The M’s midrange is decidedly neutral and is augmented by low-frequency response that extends into the mid-20Hz range. To be honest, nothing less than voluptuous really describes the midbass/upperbass region. But it’s more than mere gorgeous timbre. Very simply, the Cremona M moves air, and a lot of it. And by doing so it reminds you of the physical nature of sound­—how it impacts the music and the listener. Admittedly I’m spoiled by the near-seamless point-source-integration that two-way compacts can generate. Nonetheless I was impressed at the inter-driver coherence that this four-on-the-floor array produced. In my small room it just hinted at the vertical orientation between tweeter and woofer. Give the Cremona M a bit more elbow room between it and the listener and it’s likely that even this small seam will close completely. On balance, imaging was very stable, and thanks to the M’s near full-range extension and superb low-level resolution it sets a soundstage with the obsessive precision of Martha Stewart preparing a dining room table at Thanksgiving.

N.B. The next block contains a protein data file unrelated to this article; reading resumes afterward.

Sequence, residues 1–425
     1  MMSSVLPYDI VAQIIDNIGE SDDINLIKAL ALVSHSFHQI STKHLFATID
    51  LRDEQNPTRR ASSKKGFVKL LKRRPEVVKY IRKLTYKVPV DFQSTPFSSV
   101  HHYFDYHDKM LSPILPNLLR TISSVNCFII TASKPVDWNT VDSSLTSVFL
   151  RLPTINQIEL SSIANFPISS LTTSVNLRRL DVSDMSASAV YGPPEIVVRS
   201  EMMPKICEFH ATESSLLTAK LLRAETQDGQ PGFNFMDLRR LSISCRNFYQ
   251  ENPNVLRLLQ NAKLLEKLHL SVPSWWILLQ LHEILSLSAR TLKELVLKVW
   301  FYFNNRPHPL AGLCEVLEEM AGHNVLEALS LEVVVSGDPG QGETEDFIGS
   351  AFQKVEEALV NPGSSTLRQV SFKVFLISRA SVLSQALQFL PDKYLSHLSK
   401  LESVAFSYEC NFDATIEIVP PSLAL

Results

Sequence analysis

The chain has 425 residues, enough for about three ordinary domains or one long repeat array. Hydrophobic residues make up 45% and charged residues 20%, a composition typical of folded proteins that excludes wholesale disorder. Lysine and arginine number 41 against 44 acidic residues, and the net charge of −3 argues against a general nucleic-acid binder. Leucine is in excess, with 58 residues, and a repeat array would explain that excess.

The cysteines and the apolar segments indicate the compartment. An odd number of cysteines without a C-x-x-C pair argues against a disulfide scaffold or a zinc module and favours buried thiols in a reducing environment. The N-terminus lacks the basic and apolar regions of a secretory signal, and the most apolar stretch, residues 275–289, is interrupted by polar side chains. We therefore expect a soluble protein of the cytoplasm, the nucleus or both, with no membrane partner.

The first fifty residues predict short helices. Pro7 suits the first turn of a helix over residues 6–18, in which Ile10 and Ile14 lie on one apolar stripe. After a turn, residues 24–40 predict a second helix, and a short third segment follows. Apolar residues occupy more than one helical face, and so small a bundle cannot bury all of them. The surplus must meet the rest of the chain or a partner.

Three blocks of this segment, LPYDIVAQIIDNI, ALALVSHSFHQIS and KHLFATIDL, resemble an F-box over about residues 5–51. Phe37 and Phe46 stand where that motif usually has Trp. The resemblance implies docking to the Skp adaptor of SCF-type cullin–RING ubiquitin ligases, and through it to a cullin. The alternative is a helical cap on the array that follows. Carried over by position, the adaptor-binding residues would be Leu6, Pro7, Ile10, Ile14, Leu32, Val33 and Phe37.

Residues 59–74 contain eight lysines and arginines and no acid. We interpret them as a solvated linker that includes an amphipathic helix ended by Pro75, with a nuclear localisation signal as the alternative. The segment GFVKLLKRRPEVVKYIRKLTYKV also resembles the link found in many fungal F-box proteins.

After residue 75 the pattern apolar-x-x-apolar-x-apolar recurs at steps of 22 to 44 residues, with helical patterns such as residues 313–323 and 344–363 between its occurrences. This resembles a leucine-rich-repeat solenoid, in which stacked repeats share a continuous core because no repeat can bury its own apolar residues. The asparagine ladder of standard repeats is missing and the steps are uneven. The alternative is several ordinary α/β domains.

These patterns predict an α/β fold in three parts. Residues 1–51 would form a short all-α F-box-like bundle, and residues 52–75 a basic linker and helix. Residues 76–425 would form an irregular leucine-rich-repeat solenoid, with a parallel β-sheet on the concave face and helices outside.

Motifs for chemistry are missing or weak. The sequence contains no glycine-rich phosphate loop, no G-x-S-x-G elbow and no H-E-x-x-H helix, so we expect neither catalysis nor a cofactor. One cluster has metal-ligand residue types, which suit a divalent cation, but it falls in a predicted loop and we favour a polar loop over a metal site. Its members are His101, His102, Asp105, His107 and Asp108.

Perhaps looming the largest in the Cremona M’s overflowing portfolio are its va-va-voom dynamics and musical scale. It is nearly totally free from compression, effortlessly combining dynamic power with the preservation of low-level musical detail. It has the ability to hang onto very-low-level bass notes, like the rumbling section of bass viols that begin stirring in the first verse of “Defying Gravity” from the Broadway cast recording of Wicked [Decca]. And when Metallica drummer Lars Ulrich drops his foot on the bass-drum pedal for the first time during “Nothing Else Matters” [Vertigo, 45RPM EP], I heard and felt the entire drum, the transient impact, the fundamental and its decay perfectly in time with the jackhammer whump of the electric bass. It’s not often I’ve heard this level of timbral and harmonic sophistication at such powerful dynamic moments but, mama mia, here it was. Many speakers go through various states of denial when it comes to reproducing a true sense of orchestral dynamic weight in the lower octaves. This is the territory where an orchestra flexes its muscles and generates the thrust that brings a soundstage and proscenium to life, or with the right material scares the daylights out of you [e.g., “Mars,” The Planets, Previn, EMI]. In fact, in my room only the Revel Performa F52 has performed comparably in terms of extension and output and footprint.